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Publisher's Summary

When twenty-two-year-old Jennifer Worth, from a comfortable middle-class upbringing, went to work as a midwife in the direst section of postwar London, she not only delivered hundreds of babies and touched many lives, she also became the neighborhood';s most vivid chronicler. Woven into the ongoing tales of her life in the East End are the true stories of the people Worth met who grew up in the dreaded workhouse, a Dickensian institution that limped on into the middle of the twentieth century.

Though these are stories of unimaginable hardship, what shines through each is the resilience of the human spirit and the strength, courage, and humor of people determined to build a future for themselves against the odds. This is an enduring work of literary nonfiction, at once a warmhearted coming-of-age story and a startling look at people's lives in the poorest section of postwar London.

©2005 Jennifer Worth (P)2014 HighBridge Company

What listeners say about Shadows of the Workhouse

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  • Overall
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Different Style from Book 1, but Still Great

I really enjoyed Call the Midwife, Book 1, so I purchased this second book. Where the first book was very much about the author's life as a midwife, this second book is more about the people she encounters with entire chapters devoted to specific people or families.

As I started the audiobook, I was briefly disappointed since I was expecting more of a continuation of the first book, but I very soon changed my mind as I listened to these compelling stories of the people Jenny Lee encountered. Some of these stories were touched on in the first book, and you get just enough of a reminder about them to make that connection without feeling like you're hearing the same story again.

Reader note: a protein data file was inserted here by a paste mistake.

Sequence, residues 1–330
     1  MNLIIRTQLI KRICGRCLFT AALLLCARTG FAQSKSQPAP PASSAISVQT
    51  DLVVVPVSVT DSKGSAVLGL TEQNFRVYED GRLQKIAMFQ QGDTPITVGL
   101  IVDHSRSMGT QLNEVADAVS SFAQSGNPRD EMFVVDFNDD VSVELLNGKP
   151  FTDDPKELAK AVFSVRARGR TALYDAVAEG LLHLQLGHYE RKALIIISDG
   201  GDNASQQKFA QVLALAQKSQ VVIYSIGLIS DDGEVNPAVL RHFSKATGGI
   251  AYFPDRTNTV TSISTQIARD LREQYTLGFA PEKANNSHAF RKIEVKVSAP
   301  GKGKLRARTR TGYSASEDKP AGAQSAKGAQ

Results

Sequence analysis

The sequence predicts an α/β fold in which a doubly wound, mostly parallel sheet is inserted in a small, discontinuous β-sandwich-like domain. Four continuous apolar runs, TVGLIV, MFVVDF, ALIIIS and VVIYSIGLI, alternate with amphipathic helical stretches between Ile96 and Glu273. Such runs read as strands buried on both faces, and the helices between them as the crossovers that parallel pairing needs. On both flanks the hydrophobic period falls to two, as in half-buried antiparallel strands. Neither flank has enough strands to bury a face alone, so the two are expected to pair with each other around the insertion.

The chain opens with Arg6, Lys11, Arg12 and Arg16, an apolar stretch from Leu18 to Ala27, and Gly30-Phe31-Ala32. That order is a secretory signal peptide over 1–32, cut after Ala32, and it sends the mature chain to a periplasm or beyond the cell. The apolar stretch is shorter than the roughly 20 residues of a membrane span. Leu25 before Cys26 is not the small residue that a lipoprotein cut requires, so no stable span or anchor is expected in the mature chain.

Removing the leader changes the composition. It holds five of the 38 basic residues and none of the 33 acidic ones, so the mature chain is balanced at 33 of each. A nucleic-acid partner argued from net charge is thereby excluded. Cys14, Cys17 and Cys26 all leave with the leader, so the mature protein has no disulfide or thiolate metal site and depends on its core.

I went on to listen to Book 3, and it is also a winner. The same narrator reads all three books, and her voice and style are very enjoyable.

4 people found this helpful

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Hard to hear the harsh and graphic reality of how and what people had to do to survive.

I was shocked by some of what I heard. It was good that those section were interspersed with less graphic accounts. It helped that it was read by a kind female voice. The violence and cruelty will stay with me for a long time.

3 people found this helpful

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Excellent!

This is the second book I've listened to in this series. The narrator sounds just like Jenny from the show just as many of the other characters do. I thoroughly enjoyed this book and would recommend it to anyone who's interested in the history of England. Even if you don't watch Call the Midwife which is based on these books, I would still recommend it.

1 person found this helpful

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a good sequel

it is a very good book although I do find that the first book was better this was an excellent book would definitely listen to again really pulls on your heartstrings

1 person found this helpful

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  • GANC Line
  • 2017-06-01

Back stories, but no birth stories

I have enjoyed Jennifer Worth's books and the "Call the Midwife" TV adaptation. One thing I say jokingly about the TV show is that at some point in each episode, a woman will be screaming in pain as she has a baby. This book has none of that. There are three main stories in this book. First she tells some tragic accounts of people she encountered at Nonatas House who had been orphaned and raised in workhouses. Second, there's the story of Sister Monica Joan and her arrest and trial for shoplifting. The third story concerns an elderly Boer War veteran whom Jenny befriended. The underlying themes are about poverty and isolation and how enlightened people regard the people affected by them.

8 people found this helpful

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  • HODGEPODGESPV
  • 2015-07-14

If you like the PBS series

you will this as well as it sort of fills out the series! So enjoy!

8 people found this helpful

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  • Jan
  • 2014-02-20

Nice followup to "Call The Midwife"